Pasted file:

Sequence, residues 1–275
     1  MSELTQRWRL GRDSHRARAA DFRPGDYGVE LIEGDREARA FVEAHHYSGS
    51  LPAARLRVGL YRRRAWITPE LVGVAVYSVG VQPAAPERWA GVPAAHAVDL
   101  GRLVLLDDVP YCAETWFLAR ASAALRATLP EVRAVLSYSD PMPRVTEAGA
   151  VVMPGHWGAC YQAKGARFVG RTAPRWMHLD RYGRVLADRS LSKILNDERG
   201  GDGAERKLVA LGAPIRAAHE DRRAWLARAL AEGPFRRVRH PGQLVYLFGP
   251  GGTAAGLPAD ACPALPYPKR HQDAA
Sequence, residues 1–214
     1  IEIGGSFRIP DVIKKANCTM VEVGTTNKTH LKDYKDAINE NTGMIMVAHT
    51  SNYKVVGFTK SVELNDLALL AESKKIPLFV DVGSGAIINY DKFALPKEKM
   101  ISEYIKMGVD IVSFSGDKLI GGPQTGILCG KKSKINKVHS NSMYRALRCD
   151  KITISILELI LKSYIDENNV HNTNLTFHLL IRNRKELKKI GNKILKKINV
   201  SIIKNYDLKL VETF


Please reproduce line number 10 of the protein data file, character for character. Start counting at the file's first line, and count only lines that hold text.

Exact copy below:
    51  SNYKVVGFTK SVELNDLALL AESKKIPLFV DVGSGAIINY DKFALPKEKM